For named individuals, see Phil Reid. Phillip Reed was an American actor, he was best known for his role as Steve Wilson in a series of four films based on the Big Town radio series. Reed was a star athlete at Erasmus Hall High School in Brooklyn and attended college for one year before going into acting, his name was changed. Billed as Milton Leroy, Reed appeared in two Broadway plays: Melody and Ballyhoo of 1932. Reed played Russ Barrington in the soap opera Society Girl on CBS radio and Brian Wells in the soap opera David Harum on CBS. Reed's television appearances include a lead role in the 1955 anthology drama series Police Call, he appeared in the Alfred Hitchcock Presents episodes "The Derelicts" and "A Bullet for Baldwin". He appeared as King Toranshah in the 1965 Elvis Presley musical film Harum Scarum. Reed was buried at Forest Lawn Memorial Park Cemetery in Glendale, California. Phillip Reed on IMDb Phillip Reed at the Internet Broadway Database Phillip Reed at Find a Grave
Laurel and Hardy
Laurel and Hardy were a comedy duo act during the early Classical Hollywood era of American cinema. The team was composed of American Oliver Hardy, they became well known during the late 1920s to the mid-1940s for their slapstick comedy, with Laurel playing the clumsy and childlike friend of the pompous bully Hardy. The duo's signature tune is known variously as "The Cuckoo Song", "Ku-Ku", or "The Dance of the Cuckoos", it was played over the opening credits of their films and has become as emblematic of the duo as their bowler hats. Prior to emerging as a team, both actors had well-established film careers. Laurel had appeared in over 50 films as an actor; the two comedians had worked together as cast members on the film The Lucky Dog in 1921. However, they were not a comedy team at that time and it was not until 1926 that they appeared in a movie short together, when both separately signed contracts with the Hal Roach film studio. Laurel and Hardy became a team in 1927 when they appeared together in the silent short film Putting Pants on Philip.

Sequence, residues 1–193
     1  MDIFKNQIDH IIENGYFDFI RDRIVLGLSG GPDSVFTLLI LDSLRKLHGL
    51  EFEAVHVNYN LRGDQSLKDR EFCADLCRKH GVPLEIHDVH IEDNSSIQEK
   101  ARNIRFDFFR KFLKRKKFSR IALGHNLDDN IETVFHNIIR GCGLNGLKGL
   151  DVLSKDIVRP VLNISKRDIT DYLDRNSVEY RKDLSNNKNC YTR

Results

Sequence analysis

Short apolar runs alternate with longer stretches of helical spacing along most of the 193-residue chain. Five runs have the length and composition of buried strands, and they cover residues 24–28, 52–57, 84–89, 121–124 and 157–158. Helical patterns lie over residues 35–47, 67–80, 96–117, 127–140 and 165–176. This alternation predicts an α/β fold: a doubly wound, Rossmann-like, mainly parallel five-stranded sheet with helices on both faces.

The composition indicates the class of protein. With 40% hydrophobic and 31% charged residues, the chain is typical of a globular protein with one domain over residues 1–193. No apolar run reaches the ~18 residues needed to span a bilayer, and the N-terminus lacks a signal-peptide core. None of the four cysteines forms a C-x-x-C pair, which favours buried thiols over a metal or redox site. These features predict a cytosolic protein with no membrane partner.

They remained with the Roach studio until 1940 and appeared in eight "B" movie comedies for 20th Century Fox and Metro-Goldwyn-Mayer from 1941 to 1945. After finishing their movie commitments at the end of 1944, they concentrated on performing in stage shows and embarked on a music hall tour of England and Scotland, they made their last film in 1950, a French-Italian co-production called Atoll K. They appeared as a team in 107 films, starring in 32 short silent films, 40 short sound films, 23 full-length feature films, they made 12 guest or cameo appearances, including the Galaxy of Stars promotional film of 1936. On December 1, 1954, the pair made their one American television appearance, when they were surprised and interviewed by Ralph Edwards on his live NBC-TV program This Is Your Life. Since the 1930s, the works of Laurel and Hardy have been released in numerous theatrical reissues, television revivals, 8-mm and 16-mm home movies, feature-film compilations, home videos. In 2005, they were voted the seventh-greatest comedy act of all time by a UK poll of fellow comedians.
The official Laurel and Hardy appreciation society is known as The Sons of the Desert, named after a fictitious fraternal society featured in the film of the same name. Stan Laurel was born Arthur Stanley Jefferson in Ulverston, England into a theatrical family, his father, Arthur Joseph Jefferson, was a theatrical entrepreneur and theatre owner in northern England and Scotland who, with his wife, was a major force in the industry. In 1905, the Jefferson family moved to Glasgow to be closer to their business mainstay of the Metropole Theatre, Laurel made his stage debut in a Glasgow hall called the Britannia Panopticon one month short of his 16th birthday. Arthur Jefferson secured Laurel his first acting job with the juvenile theatrical company of Levy and Cardwell, which specialized in Christmas pantomimes. In 1909, Laurel was employed by Britain's leading comedy impresario Fred Karno as a supporting actor, as an understudy for Charlie Chaplin. Laurel said, he had no equal. His name was box-office."In 1912, Laurel left England with the Fred Karno Troupe to tour the United States.
Laurel had expected the tour to be a pleasant interval before returning to London. S. In 1917, Laurel was teamed with Mae Dahlberg as a double act for film; the same year, Laurel made his film debut with Dahlberg in Nuts in May. While working with Mae, he began using the name "Stan Laurel" and changed his name in 1931. Dahlberg demanded roles in his films, her tempestuous nature made her difficult to work with. Dressing room arguments were common between the two. In 1925, Laurel joined the Hal Roach film studio as a writer. From May 1925 until September 1926, he received credit in at least 22 films. Laurel appeared in over 50 films for various producers before teaming up with Hardy. Prior to that, he experienced only modest success, it was difficult for producers and directors to write for his character, with American audiences knowing him either as a "nutty burglar" or as a Charlie Chaplin imitator. Oliver Hardy was born Norvell Hardy in Georgia. By his late teens, Hardy was a popular stage singer and he operated a movie house in Milledgeville, the Palace Theater, financed in part by his mother.